Resurgence: How a Natural Gas Liquid Could Transform the Local Economy

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September 29, 2017

For anyone who has been following the years-long story of the Shell Cracker Plant that is now being built in Beaver County, Pennsylvania – ethane has likely become a more familiar term.  Indeed, it is the ethane-rich natural gas found in the Marcellus and Utica Shales that brought Shell to Beaver County – and those same natural gas liquids have the potential to kick off a new manufacturing chapter for our region.  On top of the billions of dollars the natural gas industry has already pumped into the local economy, ethane could bring more jobs and opportunities to the Keystone State.  A recent study conducted by IHS Markit has found that the greater Appalachian Basin has the capacity to support as many as four additional ethane cracker plants; with a forecast of $2.7 to 3.7 billion in investments in natural gas liquid assets.  The realization of this possibility would turn southwestern Pennsylvania into a world class petrochemical manufacturing hub. 

Ironically, it wasn't all that long ago that the ethane in the regional natural gas stream that was seen as a “problem” for Marcellus Shale producers. Ethane must be removed in order for the resultant gas to meet pipeline quality specifications.  And, unlike the Gulf Coast, where chemical companies readily seek natural gas liquids and have the necessary infrastructure in place to process ethane, Pennsylvania had to adapt. There were no real large-scale options to utilize the ethane here in the region.  

But a team from Marcellus Shale pioneer Range Resources saw the ethane “problem” as an opportunity.  

"There's one thing to do with ethane," explains Range Resources Senior Vice President, Chad Stephens.  And that one thing you can do is a critical component of modern living. “Ethane is a building block for all plastics."

But without regional demand, Range had to get creative. The company entered into partnerships with like-minded businesses, and projects like the Mariner East pipeline are now infusing billions of dollars into Pennsylvania's economy while transporting natural gas liquids across the state to be sold or exported across the globe.  And now, the processing infrastructure that didn't exist years ago in southwestern PA, is starting to come online. 

Cracker plants, like the one Shell is building right now, convert ethane into a chemical called ethylene.  They do this by literally “cracking” the ethane molecule with a super-heating process that results in a new molecule: ethylene – and from that – polyethylene, the plastic found in food containers, milk jugs, garbage cans, storage bins, toys, packaging, and more – much more.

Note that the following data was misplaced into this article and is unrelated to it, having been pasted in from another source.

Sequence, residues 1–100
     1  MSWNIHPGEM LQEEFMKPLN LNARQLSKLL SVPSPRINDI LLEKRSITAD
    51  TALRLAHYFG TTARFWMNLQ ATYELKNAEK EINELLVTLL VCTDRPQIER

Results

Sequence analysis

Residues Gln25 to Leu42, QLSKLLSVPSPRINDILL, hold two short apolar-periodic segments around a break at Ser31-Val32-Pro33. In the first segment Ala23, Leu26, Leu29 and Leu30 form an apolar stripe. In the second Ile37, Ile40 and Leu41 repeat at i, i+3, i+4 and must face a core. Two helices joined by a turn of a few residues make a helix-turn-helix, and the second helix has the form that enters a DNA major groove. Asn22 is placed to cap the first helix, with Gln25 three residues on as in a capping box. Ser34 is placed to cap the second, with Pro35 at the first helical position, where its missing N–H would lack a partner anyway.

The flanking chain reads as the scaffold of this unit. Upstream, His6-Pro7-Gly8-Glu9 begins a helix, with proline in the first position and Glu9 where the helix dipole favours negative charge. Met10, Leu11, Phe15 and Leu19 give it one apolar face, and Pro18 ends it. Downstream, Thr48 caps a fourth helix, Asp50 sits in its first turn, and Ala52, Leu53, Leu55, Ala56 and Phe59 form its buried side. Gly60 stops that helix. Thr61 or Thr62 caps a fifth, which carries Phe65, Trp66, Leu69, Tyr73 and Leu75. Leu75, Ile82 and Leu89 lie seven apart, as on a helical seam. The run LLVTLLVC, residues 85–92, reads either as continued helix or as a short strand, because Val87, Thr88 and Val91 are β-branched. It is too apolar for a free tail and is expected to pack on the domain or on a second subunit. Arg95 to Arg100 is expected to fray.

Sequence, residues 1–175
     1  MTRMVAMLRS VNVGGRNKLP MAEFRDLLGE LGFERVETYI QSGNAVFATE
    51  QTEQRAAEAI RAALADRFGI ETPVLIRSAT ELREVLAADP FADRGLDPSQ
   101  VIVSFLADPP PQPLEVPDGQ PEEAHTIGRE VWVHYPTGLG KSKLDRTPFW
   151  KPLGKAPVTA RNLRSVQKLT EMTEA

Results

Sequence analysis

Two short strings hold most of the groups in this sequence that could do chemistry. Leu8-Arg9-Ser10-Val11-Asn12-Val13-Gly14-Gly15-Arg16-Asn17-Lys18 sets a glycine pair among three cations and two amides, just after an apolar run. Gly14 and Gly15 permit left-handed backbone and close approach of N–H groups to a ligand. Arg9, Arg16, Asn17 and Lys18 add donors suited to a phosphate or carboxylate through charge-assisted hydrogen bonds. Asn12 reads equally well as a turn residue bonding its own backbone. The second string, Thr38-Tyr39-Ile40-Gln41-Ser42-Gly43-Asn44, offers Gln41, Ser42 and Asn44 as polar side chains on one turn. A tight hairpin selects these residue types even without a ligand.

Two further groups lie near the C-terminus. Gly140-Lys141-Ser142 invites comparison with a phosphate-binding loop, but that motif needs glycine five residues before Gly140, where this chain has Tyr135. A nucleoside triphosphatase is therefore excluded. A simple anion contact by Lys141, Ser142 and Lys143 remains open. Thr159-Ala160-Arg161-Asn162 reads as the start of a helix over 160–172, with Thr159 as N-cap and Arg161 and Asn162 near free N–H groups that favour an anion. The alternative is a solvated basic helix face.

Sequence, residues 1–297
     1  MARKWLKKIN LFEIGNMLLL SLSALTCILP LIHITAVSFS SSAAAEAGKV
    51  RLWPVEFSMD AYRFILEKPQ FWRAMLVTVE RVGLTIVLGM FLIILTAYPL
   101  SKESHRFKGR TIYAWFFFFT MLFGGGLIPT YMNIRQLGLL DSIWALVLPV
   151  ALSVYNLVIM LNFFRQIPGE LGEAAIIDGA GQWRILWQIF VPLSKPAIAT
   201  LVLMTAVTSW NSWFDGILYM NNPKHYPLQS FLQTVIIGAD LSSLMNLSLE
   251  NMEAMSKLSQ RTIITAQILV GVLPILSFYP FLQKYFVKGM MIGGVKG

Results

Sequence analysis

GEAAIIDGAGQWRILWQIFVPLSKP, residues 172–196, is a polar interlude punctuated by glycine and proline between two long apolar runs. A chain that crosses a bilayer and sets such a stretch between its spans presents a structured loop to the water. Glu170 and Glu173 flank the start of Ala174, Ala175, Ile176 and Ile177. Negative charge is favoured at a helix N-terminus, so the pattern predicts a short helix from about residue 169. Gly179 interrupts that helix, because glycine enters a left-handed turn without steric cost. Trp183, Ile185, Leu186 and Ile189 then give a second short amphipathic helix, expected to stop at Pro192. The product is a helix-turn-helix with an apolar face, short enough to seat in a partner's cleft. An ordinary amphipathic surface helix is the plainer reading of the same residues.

Here in southwestern PA, it is estimated that the Shell facility near Pittsburgh will use ethane produced from the Marcellus and Utica shales to make 1.6 million tons of polyethylene a year.  And Shell representatives have stated that "more than 70 percent of North American polyethylene customers are within a 700-mile radius of Pittsburgh” – creating a significant advantage for this region. 

In Washington County, upgrades to existing plants and the construction of new natural gas processing and storage facilities is also expected to greatly enhance regional capabilities when it comes to processing ethane and other high-value natural gas liquids.  

A Marcellus Shale Coalition report sums up takeaways from the IHS study and the plans for increased focus on natural gas liquids in southwestern Pennsylvania like this: “with the right policies, the Commonwealth has the opportunity to realize a new wave of job-creating petrochemical manufacturing growth.”  That conclusion is supported by the IHS researchers, who indicated in their report that “Pennsylvania is currently only using a limited portion of the available Marcellus and Utica Shale natural gas and NGL in-state. As such, it must begin taking immediate steps to support a long-term strategy that will maximize in-state economic development—as other U.S. states and regions are also competing for the resources.”

This article is written and sponsored by Range Resources.

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